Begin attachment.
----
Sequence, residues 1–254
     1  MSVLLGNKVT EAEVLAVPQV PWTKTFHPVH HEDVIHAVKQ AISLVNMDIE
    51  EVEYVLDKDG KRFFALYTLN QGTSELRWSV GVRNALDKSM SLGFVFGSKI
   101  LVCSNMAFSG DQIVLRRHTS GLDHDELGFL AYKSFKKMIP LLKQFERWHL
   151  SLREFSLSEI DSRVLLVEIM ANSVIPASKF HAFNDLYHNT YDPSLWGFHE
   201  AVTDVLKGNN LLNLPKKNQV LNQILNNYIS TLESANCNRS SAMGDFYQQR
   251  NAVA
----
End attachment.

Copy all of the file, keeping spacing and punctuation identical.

Sequence, residues 1–254
     1  MSVLLGNKVT EAEVLAVPQV PWTKTFHPVH HEDVIHAVKQ AISLVNMDIE
    51  EVEYVLDKDG KRFFALYTLN QGTSELRWSV GVRNALDKSM SLGFVFGSKI
   101  LVCSNMAFSG DQIVLRRHTS GLDHDELGFL AYKSFKKMIP LLKQFERWHL
   151  SLREFSLSEI DSRVLLVEIM ANSVIPASKF HAFNDLYHNT YDPSLWGFHE
   201  AVTDVLKGNN LLNLPKKNQV LNQILNNYIS TLESANCNRS SAMGDFYQQR
   251  NAVA